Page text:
Another Look at Non-Traditional Assessments

(I originally write this article for the BYU-I Teaching and Learning Blog, but I re-posted it here for my teaching colleagues who are not at that University). 

A few weeks ago, I helped with the remote roundups on a panel called “Remote and Alternative Assessments” in which we presented different ideas on how we do assessments in a digital class. It became apparent after I presented that the teachers only wanted to learn about traditional assessments (using proctorio, etc.) rather than the alternative assessments that I was suggesting. In fact, after the meeting, one of my colleagues inferred that there was no real merit to what I was doing because, after all, I taught in the Religion department and there we have no real outcomes or benchmarks to which we must adhere. I’ve been pondering that response for quite some time, and I believe I have some additional thoughts to share to help make the importance of non-traditional assessments clear. 

First (in case any were wondering) in the Religion department, we do have real learning outcomes that our students must achieve. For example, one of the alternative assessments that I shared was a website for the Eternal Family Course (REL 200). During the class, we had the students work in teams to create a website that taught about different issues that effect the family unit in our world today. One of our learning outcomes for this course is that students Teach & Declare the Doctrine, obviously this assessment hits that desired outcome.  However, I could also make a case that this particular assessment ties into all four of  the BYUI learning outcomes – that students become 1). Disciples of Jesus Christ, 2). Sound Thinkers, 3). Effective Communicators, and 4). Skilled Collaborators. 

In fact, I would guess that it is much easier to tie alternative assessments to desired outcomes and benchmarks than traditional assessments.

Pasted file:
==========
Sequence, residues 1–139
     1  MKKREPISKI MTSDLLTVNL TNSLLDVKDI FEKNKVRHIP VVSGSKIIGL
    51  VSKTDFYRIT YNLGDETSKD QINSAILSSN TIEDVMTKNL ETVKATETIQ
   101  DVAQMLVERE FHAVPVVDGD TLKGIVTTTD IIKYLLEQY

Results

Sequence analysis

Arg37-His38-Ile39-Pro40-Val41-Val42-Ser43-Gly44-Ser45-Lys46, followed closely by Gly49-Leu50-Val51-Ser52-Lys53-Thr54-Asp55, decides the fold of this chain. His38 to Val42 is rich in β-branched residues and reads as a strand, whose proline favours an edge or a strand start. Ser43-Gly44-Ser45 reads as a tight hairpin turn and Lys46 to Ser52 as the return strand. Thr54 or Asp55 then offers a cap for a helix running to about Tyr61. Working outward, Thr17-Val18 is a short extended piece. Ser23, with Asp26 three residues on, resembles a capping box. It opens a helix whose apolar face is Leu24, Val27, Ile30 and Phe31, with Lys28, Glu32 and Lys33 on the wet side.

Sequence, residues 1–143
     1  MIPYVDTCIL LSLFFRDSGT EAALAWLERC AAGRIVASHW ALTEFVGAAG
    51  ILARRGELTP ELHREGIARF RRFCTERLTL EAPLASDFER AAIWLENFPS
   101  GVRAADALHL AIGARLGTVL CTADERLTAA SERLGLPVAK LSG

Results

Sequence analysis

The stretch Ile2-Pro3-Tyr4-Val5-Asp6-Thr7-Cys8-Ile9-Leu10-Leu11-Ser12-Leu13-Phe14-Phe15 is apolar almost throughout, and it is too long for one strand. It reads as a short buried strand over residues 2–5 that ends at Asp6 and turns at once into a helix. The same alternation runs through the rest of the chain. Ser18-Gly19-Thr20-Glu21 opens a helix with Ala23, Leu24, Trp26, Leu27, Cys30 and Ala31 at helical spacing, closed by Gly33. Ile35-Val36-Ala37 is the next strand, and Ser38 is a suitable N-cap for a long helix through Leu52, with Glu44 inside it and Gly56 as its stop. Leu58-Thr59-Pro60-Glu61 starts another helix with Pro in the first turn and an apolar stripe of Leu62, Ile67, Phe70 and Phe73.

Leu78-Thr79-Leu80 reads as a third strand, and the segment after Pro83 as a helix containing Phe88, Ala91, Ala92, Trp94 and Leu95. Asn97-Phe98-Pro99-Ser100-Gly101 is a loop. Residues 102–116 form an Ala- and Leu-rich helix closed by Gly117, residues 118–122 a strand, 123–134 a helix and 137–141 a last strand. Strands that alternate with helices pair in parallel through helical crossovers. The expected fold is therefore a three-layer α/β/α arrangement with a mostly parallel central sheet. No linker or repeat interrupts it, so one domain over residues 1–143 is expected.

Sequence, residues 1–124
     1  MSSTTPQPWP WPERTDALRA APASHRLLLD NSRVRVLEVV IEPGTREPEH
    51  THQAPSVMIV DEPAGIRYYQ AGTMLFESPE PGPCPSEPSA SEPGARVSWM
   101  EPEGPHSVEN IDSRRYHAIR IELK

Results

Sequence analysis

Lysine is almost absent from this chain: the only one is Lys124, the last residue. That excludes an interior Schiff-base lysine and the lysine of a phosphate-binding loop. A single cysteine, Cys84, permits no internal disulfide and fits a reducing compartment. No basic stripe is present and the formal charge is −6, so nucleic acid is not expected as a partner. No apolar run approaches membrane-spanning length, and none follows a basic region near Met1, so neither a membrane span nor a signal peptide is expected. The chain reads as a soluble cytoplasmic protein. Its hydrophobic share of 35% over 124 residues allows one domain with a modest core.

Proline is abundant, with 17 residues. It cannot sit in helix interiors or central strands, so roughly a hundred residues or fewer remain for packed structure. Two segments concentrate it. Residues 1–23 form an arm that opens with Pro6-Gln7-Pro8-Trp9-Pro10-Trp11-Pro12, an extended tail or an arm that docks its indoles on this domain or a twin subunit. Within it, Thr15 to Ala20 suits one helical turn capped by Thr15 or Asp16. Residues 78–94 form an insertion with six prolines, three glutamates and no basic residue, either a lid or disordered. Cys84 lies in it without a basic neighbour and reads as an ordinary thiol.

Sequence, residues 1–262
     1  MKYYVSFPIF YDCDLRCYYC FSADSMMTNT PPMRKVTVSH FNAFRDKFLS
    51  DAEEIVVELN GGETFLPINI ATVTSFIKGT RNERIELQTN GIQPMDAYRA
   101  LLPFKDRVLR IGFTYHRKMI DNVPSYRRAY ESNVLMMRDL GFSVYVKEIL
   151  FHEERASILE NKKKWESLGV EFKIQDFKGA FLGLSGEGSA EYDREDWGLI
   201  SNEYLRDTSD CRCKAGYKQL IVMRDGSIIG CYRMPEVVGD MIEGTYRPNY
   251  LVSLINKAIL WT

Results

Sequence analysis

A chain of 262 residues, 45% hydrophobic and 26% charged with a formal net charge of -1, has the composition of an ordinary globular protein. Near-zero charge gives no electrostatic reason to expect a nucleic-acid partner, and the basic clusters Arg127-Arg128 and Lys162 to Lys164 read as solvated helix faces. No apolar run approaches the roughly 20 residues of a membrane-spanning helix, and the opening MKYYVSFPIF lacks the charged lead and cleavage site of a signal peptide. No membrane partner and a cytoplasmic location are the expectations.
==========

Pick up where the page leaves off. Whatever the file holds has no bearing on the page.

However, that is not the only benefit of alternative assessments. Consider for a moment, the real-world and cross learning  applications that these students now have as a result of that course. Each student had to create a website (both a personal one and then collaborate on a team website) – consider how this current (COVID-19) crisis has taken each of us into the digital world – and perhaps one can see the merits in learning from this particular type of non-traditional assessment. 

There is a drawback though, it does take more time to grade a non-traditional assessment.  In the long run, it is a lot faster to create a quick quiz or proctored digital exam allowing the computer to do the bulk of the work. And while I’ll admit that there are merits to traditional methods of assessment, if we want to truly see the students engage with the content of our courses (and remember those concepts well into the future),  then we may want to take a second look a the power of non-traditional assessments. These creative assessments benefit the learning of the student and help us engage much more richly with the students, allowing us to mentor them (which I believe is another benchmark that this Institution is known for). Perhaps now, a discussion on grading and rubrics is in order – but we’ll have to save that for another time. 

For now, I leave you with some other ideas about Alternative Assessments:

My hope in writing this post is that we can further the conversation about Assessments at BYU-I, as well as to look at the benefits and merits of non-traditional assessments, especially as these types of assessments help to create a depth of learning and engagement that can bless both our students and this University.